A modified version of the invention is shown in FIGS. 6 through 12 wherein a mounting insert 60 is used in combination with the container dispenser 2 previously described where the mounting insert provides a precise component which can be secured in a counter and provide positive retension of the container dispenser relative to the mounting insert. This arrangement overcomes problems in precisely sizing the cutout in a counter as the insert is directly secured to the counter and securement is between the insert and the dispenser body.
The mounting insert 60 includes a circular seating flange 62 having at an interior edge region a tubular locating inset 64. This tubular locating inset is placed in the cutout within the flat surface, such as a counter or wall, and provides a cooperating surface for engaging the body member 3 of the container dispenser 2. The tubular locating inset 64 includes recesses 66 have associated therewith spring fingers 68 extending at a shallow angle inwardly and each are secured at one end to the vertical edge 70 of the associated recess. This forms a connection of the spring fingers to the mounting insert where the free end of each spring finger 68 is able to move into the recess and is positioned inwardly of the locating inset to contact with the locking lugs 16 formed as outer projections of the body member 3.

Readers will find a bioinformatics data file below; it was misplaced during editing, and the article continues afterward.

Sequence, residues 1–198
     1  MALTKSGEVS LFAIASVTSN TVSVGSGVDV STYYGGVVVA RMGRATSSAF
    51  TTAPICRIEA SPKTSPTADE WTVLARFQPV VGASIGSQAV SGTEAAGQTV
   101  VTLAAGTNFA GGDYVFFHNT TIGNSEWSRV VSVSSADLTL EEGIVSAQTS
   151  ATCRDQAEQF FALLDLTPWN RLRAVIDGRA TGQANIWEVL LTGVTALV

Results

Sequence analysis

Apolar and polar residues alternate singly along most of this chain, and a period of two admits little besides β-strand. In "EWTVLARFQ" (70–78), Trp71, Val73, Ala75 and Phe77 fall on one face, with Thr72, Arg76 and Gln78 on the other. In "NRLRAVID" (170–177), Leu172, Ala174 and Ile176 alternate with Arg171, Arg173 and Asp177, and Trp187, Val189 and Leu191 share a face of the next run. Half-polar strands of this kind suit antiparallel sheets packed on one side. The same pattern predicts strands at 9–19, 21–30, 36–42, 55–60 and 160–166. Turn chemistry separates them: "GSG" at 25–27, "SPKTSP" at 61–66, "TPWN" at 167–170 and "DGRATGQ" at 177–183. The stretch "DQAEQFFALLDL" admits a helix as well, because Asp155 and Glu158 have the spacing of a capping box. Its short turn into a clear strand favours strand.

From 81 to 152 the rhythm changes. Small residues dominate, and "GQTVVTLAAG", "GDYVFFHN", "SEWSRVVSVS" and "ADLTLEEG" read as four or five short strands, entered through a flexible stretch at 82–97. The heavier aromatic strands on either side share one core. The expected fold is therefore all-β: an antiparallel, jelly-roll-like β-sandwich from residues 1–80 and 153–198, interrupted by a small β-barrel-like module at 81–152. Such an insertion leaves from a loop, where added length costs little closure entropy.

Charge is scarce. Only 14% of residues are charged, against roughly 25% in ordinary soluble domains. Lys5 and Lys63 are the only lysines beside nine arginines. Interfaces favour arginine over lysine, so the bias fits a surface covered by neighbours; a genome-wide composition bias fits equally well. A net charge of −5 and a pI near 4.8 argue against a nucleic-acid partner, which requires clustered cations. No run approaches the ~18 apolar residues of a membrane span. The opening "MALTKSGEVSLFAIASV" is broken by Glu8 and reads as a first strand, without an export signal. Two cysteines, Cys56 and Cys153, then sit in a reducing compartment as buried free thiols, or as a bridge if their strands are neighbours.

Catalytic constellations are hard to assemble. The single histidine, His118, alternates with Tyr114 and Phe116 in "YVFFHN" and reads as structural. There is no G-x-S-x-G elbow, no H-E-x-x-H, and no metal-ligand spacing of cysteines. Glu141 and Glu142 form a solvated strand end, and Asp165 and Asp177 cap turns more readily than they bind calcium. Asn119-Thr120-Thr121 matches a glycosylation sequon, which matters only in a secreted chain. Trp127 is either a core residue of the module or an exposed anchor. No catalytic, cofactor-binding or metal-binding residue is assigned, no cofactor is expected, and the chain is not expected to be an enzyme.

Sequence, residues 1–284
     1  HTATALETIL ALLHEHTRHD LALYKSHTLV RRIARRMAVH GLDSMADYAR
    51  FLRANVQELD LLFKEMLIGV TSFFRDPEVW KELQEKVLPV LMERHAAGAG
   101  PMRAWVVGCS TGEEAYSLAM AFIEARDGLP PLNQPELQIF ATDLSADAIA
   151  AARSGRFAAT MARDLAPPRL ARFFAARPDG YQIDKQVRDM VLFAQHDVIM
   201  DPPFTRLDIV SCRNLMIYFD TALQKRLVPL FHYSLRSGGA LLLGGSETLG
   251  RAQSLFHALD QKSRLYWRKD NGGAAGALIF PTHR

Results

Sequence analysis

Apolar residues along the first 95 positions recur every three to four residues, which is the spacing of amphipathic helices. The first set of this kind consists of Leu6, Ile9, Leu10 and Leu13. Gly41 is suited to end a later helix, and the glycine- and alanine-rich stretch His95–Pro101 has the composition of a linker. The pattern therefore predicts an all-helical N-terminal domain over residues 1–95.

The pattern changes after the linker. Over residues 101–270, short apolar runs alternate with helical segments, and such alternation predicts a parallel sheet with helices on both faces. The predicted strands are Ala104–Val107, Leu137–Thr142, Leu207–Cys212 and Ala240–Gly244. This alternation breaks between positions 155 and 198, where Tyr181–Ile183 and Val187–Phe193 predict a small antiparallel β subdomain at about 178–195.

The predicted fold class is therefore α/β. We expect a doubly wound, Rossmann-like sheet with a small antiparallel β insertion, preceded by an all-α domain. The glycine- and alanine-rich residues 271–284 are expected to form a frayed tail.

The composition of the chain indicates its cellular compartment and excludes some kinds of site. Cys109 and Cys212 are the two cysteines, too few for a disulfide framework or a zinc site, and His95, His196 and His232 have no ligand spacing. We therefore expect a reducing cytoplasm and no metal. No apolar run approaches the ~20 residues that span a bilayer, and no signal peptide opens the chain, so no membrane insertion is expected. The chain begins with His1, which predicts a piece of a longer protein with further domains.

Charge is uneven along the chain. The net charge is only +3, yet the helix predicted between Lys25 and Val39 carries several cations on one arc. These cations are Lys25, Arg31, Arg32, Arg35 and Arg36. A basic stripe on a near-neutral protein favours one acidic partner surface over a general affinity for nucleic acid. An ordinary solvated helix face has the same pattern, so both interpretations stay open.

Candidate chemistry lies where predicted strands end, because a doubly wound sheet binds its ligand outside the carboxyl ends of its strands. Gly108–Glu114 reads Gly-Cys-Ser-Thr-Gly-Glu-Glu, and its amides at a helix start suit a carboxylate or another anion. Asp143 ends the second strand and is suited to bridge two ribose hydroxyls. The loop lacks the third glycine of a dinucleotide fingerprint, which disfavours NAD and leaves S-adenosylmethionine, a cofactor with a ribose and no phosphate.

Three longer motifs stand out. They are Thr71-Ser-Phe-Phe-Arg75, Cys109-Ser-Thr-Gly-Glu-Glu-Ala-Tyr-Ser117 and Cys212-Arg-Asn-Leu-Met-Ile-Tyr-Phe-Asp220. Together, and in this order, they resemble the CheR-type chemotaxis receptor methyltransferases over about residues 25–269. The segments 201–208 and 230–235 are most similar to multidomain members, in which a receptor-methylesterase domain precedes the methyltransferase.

Engagement of the mounting insert 60 with the container dispenser 2 is shown in FIGS. 8 through 12 where each of the spring fingers 68 engage one of the locking lugs 16 due to rotation of the container body once generally located within the mounting insert 60. The fact that the spring fingers initially extend inwardly at a shallow angle (FIGS. 9 and 12) is not a problem, as engagement between the body member 3 and the mounting insert 60 is accomplished by an axial rotation of the body member which brings the locking lugs 16 into contact with the spring fingers 68.